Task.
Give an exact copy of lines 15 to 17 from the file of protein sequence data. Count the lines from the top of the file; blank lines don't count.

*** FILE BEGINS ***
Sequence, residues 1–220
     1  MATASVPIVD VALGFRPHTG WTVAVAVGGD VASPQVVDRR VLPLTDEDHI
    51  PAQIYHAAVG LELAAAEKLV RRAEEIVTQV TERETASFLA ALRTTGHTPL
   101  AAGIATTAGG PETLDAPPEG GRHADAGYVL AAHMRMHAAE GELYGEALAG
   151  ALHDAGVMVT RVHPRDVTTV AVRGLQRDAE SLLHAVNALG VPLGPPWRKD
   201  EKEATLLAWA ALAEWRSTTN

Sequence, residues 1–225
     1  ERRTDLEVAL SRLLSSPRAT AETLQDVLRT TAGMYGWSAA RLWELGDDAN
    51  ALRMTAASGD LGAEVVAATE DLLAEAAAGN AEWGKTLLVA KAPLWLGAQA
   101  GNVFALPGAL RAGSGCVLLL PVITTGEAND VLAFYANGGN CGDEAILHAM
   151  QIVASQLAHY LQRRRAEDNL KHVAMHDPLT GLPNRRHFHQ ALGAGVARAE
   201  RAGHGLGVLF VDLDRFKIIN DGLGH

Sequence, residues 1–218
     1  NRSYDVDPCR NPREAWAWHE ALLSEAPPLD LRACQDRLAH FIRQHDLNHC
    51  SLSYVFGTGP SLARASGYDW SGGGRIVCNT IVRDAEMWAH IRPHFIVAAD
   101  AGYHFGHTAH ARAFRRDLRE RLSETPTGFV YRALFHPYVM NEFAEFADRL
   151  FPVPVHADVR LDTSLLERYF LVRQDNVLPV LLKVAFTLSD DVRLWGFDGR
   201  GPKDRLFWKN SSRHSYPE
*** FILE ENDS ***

    51  SLSYVFGTGP SLARASGYDW SGGGRIVCNT IVRDAEMWAH IRPHFIVAAD
   101  AGYHFGHTAH ARAFRRDLRE RLSETPTGFV YRALFHPYVM NEFAEFADRL
   151  FPVPVHADVR LDTSLLERYF LVRQDNVLPV LLKVAFTLSD DVRLWGFDGR